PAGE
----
the MingW RTL or the VC++ RTL on Windows. Up to now I have been
concentrating on using clang with the VC++ RTL.

I am trying to use Boost with clang on Windows. This means using Boost
Build, which also means using a clang toolset which will work in at
least setting up clang to compile and link Boost libraries.


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Re: Linking in clang on Windows

Yaron Keren
 MingW does not have a full runtime of its own. The MingW RTL is MSVC runtime + additions and replacements.



2013/10/11 Edward Diener <[hidden email]>
On 10/11/2013 12:14 PM, Óscar Fuentes wrote:
> Edward Diener <[hidden email]>
> writes:
>
>> You are right, but if I want to build clang under Windows using a
>> Unix-like system do I not have to use this shell ( or cygwin itself )
>> ?
>
> Why do you want to build Clang under Windows using a Unix-like system?
>
> It is perfectly possible to build Clang with MinGW without MSYS. I'll
> say it is easier: just use CMake + Ninja from a Windows prompt. The same
> method works for VS and most other (possibly all) OS/toolset
> combinations.

OK, I will look into this on Windows also.

What I am understanding is that I can build clang either to work with
the MingW RTL or the VC++ RTL on Windows. Up to now I have been
concentrating on using clang with the VC++ RTL.

I am trying to use Boost with clang on Windows. This means using Boost
Build, which also means using a clang toolset which will work in at
least setting up clang to compile and link Boost libraries.


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Re: Linking in clang on Windows

Edward Diener
On 10/11/2013 1:35 PM, Yaron Keren wrote:
>   MingW does not have a full runtime of its own. The MingW RTL is MSVC
> runtime + additions and replacements.

Thanks for the clarification.

>
>
>
> 2013/10/11 Edward Diener <[hidden email]
> <mailto:[hidden email]>>
>
>     On 10/11/2013 12:14 PM, Óscar Fuentes wrote:
>      > Edward Diener
>     <[hidden email]
>     <mailto:[hidden email]>>
>      > writes:
>      >
>      >> You are right, but if I want to build clang under Windows using a
>      >> Unix-like system do I not have to use this shell ( or cygwin
>     itself )
>      >> ?
>      >
>      > Why do you want to build Clang under Windows using a Unix-like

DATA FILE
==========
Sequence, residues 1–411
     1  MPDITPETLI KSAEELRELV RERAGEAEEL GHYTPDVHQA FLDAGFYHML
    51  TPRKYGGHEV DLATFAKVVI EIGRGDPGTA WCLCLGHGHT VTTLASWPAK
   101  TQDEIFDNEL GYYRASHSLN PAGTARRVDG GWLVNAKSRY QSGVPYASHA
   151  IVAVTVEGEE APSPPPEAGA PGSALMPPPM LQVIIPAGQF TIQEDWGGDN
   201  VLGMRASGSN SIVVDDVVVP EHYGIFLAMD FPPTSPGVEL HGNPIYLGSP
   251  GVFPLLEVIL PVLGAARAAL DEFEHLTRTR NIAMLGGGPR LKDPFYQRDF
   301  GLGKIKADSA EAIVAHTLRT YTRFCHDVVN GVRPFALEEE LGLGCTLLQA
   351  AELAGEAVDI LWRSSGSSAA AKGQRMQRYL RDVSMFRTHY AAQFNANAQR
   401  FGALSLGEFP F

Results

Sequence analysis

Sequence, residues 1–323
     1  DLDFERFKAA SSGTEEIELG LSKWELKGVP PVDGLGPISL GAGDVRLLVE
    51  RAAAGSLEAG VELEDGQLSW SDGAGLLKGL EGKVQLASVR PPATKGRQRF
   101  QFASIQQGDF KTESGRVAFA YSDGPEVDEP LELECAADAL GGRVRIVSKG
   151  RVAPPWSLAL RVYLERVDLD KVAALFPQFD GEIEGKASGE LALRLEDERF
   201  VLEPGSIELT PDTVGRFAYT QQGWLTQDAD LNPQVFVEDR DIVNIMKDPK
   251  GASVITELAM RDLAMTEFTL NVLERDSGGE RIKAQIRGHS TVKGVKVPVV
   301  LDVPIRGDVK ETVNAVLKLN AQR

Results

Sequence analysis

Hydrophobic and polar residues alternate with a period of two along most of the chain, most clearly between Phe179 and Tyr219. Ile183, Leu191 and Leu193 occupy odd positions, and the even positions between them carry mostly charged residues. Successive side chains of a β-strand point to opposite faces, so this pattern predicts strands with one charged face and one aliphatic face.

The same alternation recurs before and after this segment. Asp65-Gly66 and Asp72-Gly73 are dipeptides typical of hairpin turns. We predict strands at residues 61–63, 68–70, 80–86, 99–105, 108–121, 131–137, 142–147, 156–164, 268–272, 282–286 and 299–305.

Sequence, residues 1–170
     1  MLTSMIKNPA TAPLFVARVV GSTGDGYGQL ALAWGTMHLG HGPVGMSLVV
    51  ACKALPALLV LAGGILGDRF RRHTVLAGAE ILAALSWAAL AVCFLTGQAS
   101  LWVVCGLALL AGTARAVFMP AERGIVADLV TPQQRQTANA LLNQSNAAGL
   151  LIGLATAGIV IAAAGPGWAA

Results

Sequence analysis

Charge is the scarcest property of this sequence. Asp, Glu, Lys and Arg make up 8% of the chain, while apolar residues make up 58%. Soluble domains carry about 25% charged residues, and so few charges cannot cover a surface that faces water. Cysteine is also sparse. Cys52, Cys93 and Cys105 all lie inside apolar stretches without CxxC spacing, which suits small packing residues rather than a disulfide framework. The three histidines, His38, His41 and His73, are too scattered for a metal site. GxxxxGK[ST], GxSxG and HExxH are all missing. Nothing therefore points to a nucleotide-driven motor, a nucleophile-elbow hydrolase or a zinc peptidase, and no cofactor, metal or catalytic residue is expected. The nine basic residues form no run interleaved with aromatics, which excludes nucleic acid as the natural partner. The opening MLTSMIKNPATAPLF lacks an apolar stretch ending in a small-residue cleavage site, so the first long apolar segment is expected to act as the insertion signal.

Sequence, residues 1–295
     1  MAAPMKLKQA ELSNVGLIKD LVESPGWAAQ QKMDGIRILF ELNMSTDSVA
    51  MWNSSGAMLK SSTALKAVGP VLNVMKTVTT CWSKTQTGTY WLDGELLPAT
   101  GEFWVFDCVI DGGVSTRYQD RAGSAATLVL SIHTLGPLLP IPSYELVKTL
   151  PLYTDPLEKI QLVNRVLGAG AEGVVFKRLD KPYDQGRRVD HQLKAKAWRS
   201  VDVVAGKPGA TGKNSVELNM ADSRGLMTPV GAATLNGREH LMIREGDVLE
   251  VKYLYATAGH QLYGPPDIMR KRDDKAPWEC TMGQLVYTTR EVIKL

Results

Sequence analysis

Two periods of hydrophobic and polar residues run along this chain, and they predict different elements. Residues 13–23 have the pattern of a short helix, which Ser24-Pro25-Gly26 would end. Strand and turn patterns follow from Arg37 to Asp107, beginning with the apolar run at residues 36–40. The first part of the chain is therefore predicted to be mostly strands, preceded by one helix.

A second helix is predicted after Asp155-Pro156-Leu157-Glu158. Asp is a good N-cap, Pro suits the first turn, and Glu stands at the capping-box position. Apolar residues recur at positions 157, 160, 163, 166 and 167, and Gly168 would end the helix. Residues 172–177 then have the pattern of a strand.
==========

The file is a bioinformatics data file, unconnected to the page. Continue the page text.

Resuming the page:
>     system?
>      >
>      > It is perfectly possible to build Clang with MinGW without MSYS. I'll
>      > say it is easier: just use CMake + Ninja from a Windows prompt.
>     The same
>      > method works for VS and most other (possibly all) OS/toolset
>      > combinations.
>
>     OK, I will look into this on Windows also.
>
>     What I am understanding is that I can build clang either to work with
>     the MingW RTL or the VC++ RTL on Windows. Up to now I have been
>     concentrating on using clang with the VC++ RTL.
>
>     I am trying to use Boost with clang on Windows. This means using Boost
>     Build, which also means using a clang toolset which will work in at
>     least setting up clang to compile and link Boost libraries.


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Re: Linking in clang on Windows

Edward Diener
In reply to this post by Hans Wennborg
On 10/9/2013 9:22 PM, Hans Wennborg wrote:
> On Wed, Oct 9, 2013 at 5:26 PM, Hans Wennborg <[hidden email]> wrote:
>> On Wed, Oct 9, 2013 at 4:19 PM, Edward Diener
>>> BTW is there any documentation anywhere on a web page about running clang on
>>> Windows ?
>>
>> I have a patch that adds documentation about clang-cl. It should land today.
>
> Here are the docs I was referring to:
> http://clang.llvm.org/docs/UsersManual.html#clang-cl

With what version of VC++ is clang in Windows trying to be compatible ?
Is it whatever version is used to build clang from the Visual Studio IDE ?